This morning we, united as brothers, celebrated the Eucharist in the actual tomb where Jesus was buried. Words cannot describe the experience. Every morning at 5:30 AM, Fr. Peter has been taking anyone who’s interested to visit and pray at the Church of the Holy Sepulchre. It is quite a testimony of faith to see the different people making the trip through the windy roads (really walkways) of the Old City to the church in the darkness and chill of that early morning. There was certain stillness as people seem to be moving with purpose—to praise God. This morning we made the journey pass the Israeli security guards at watch by the entrance to the old city gates and we were part of that background people scurrying in the darkness of alleys to reach the church. There is something just moving about this witness of devotion.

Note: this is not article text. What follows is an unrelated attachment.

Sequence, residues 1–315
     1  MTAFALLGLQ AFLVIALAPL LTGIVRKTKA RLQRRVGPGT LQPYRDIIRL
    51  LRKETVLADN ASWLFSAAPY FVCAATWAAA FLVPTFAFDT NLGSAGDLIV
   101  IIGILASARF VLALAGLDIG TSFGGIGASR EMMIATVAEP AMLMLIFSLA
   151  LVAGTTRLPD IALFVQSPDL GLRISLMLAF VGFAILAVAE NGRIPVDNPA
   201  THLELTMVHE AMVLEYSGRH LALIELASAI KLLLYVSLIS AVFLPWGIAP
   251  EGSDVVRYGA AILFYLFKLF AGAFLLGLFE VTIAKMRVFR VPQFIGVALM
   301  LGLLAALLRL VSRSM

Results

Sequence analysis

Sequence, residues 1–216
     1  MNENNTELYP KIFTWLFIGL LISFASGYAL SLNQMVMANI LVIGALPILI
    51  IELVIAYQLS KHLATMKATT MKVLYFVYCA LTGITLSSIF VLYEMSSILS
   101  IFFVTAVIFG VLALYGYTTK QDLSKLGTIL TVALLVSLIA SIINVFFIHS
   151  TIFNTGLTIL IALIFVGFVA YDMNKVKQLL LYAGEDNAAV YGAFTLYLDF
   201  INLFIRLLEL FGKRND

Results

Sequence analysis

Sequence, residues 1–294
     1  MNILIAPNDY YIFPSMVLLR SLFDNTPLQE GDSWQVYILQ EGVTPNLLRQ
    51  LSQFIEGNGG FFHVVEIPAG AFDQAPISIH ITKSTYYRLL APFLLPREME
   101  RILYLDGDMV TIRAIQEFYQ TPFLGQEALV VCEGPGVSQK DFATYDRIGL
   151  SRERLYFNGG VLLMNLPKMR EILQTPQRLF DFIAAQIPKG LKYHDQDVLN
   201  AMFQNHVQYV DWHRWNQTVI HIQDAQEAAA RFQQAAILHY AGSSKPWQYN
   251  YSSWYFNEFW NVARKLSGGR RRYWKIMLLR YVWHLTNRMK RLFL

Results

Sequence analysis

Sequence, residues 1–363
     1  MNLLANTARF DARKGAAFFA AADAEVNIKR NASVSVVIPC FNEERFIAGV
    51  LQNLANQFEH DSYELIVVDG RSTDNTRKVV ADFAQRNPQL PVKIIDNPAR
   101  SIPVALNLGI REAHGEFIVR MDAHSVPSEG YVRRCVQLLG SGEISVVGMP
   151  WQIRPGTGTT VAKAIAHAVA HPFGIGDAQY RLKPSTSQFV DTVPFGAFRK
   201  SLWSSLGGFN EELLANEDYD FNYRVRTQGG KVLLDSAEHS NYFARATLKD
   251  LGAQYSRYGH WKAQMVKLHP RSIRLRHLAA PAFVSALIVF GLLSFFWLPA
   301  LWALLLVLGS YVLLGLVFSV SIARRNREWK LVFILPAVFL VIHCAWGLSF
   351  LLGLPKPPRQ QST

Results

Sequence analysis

In the holy city of Jerusalem, I have been witnessing people’s great devotion throughout this pilgrimage. There have been plenty of other experiences which have been leaving an effect on me. Thursday we went to the Western Wall, which may be familiar to some as the Wailing Wall, where the Jewish people place their prayers in a wall connected to the temple before the desecration of the Temple. We were able to go to this wall and pray individually. There was something very powerful to seeing the men and boys praying so monastically. Their prayer involved many movements. Placing my own prayer there and praying with them at the wall moved me. We must not forget our Judeo-Christian roots.